"The British housing market may also have begun to sputter. Some surveys have shown a small downturn in the pace of home price appreciation, though rates remain in double digits.

"[The U.K. is faced] with the so-called ‘buy-to-let revolution.’ The phenomenon took off in 1996 with a law that made it easier to buy property to rent out. Since then, red-hot housing price gains, shaky government pension plans and the promise of a steady supply of tenants in the form of immigrants or young professionals priced out of the property markets have made buy-to-let landlords a fundamental feature of the housing market.

"Today buy-to-let owners make up 9% of mortgages outstanding by value. Last year they accounted for more than 11% of mortgage lending. If they start selling, it could trigger the long-feared price tumble in the broader British housing market.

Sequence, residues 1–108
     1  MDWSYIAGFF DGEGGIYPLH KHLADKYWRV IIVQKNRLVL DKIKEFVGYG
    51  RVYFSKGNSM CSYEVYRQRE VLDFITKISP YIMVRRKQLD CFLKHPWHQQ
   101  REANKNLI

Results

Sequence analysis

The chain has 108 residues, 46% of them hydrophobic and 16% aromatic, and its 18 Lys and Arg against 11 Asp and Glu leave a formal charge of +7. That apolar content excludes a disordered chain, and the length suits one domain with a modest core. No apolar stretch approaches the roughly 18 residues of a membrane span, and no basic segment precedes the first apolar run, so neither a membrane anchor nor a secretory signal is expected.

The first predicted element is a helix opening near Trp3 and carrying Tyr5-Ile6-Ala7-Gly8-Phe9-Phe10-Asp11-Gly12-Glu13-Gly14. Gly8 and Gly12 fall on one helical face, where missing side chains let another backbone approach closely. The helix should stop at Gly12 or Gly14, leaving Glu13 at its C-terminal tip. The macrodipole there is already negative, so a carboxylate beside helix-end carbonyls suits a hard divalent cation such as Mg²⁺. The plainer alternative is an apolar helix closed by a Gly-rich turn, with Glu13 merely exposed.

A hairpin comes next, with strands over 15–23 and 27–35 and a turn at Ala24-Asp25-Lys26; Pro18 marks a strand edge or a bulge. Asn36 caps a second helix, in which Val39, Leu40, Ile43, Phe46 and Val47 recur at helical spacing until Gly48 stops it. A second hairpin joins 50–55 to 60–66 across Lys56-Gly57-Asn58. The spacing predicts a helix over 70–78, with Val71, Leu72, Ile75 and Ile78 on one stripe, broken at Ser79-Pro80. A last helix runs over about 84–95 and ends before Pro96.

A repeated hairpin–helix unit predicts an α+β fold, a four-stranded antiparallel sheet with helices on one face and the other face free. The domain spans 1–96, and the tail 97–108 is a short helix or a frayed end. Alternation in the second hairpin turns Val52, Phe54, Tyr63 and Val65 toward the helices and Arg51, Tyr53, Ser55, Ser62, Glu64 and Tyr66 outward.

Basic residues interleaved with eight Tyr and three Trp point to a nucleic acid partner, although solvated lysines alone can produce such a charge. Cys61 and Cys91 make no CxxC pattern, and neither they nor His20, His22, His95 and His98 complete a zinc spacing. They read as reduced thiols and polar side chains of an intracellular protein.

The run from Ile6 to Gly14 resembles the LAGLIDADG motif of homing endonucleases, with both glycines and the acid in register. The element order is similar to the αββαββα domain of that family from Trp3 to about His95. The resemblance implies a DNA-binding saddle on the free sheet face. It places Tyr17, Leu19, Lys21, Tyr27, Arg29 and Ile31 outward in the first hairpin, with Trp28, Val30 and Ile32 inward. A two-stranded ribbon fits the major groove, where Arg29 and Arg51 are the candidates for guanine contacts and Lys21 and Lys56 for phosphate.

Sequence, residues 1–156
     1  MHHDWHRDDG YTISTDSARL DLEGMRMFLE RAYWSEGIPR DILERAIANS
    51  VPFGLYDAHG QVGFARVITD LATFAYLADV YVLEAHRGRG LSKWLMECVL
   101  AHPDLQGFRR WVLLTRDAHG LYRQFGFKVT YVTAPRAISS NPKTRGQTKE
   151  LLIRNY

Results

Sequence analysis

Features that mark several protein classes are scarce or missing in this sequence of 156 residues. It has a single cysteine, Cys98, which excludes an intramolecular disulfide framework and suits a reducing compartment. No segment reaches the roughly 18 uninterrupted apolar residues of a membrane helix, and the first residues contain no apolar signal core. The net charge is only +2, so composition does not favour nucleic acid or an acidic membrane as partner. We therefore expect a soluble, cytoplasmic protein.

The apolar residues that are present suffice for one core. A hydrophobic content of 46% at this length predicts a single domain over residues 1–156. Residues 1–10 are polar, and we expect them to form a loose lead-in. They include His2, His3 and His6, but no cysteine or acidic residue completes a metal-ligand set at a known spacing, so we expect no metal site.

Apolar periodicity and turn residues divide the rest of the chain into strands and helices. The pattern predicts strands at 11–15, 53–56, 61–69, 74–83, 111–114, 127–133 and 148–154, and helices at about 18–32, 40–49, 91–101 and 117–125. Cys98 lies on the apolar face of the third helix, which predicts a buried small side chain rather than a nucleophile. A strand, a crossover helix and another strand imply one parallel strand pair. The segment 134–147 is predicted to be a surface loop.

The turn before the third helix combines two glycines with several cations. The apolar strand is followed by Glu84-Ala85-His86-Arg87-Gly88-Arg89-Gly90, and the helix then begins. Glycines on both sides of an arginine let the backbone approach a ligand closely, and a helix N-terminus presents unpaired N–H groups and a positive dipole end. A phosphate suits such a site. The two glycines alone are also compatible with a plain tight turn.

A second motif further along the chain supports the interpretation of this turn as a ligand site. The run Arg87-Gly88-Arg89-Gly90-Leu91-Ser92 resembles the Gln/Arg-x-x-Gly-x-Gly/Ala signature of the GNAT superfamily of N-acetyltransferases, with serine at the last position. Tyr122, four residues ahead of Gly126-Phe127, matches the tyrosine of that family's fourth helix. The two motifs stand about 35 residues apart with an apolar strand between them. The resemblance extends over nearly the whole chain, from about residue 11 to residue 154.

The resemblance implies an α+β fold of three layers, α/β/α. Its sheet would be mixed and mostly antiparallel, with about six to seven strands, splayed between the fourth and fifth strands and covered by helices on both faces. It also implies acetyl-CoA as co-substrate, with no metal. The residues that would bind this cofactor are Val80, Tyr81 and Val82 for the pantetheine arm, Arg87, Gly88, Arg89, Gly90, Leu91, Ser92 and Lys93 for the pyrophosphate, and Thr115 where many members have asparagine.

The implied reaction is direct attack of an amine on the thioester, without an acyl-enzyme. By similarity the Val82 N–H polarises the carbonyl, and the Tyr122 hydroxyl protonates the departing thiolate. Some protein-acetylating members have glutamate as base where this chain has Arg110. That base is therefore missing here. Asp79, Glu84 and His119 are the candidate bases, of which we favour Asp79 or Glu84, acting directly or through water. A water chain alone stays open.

"Now in parts of London’s gritty, immigrant-heavy east ‘To let’ signs are as common as Kebab shops, testament to an apartment glut. The number of calls to Britain’s largest debt-advice charity, the Consumer Credit Counseling Service, increased by nearly 50% from 2004. To almost 300,000 last year.

"Some of the recent spike in British personnel insolvencies may come from an April, 2004 change that shortened the amount of time people spend in bankruptcy from three years to one. But increasing numbers of struggling Britons still recoil from bankruptcy. They are opting instead for a Voluntary Individual Arrangement. Introduced in the 1980s, IVAs were originally designed for small business owners. The practice lets borrowers write off as much as 75% of their debt and pay back the rest over five years. They are attractive also because they stay behind the lace curtain, and aren’t public. Local newspapers routinely write news about bankruptcy filings.